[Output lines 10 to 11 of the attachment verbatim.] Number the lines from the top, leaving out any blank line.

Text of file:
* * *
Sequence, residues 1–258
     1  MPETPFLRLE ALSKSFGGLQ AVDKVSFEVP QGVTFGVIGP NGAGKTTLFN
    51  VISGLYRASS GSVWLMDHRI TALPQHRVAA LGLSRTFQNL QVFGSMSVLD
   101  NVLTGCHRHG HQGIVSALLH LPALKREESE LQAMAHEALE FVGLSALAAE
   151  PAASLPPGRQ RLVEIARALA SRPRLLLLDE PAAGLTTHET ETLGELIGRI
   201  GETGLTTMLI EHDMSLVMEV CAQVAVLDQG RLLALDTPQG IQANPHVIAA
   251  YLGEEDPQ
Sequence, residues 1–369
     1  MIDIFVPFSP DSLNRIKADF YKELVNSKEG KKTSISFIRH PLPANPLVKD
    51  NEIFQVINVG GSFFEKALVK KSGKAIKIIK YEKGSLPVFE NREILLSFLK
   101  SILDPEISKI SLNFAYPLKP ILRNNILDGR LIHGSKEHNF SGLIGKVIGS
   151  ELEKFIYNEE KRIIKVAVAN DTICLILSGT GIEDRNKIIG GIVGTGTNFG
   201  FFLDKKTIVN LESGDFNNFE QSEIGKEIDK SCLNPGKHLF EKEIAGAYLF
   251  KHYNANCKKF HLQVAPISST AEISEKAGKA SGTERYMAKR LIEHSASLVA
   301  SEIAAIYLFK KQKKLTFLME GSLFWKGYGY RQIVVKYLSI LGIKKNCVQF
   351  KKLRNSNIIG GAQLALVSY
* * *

    51  NEIFQVINVG GSFFEKALVK KSGKAIKIIK YEKGSLPVFE NREILLSFLK
   101  SILDPEISKI SLNFAYPLKP ILRNNILDGR LIHGSKEHNF SGLIGKVIGS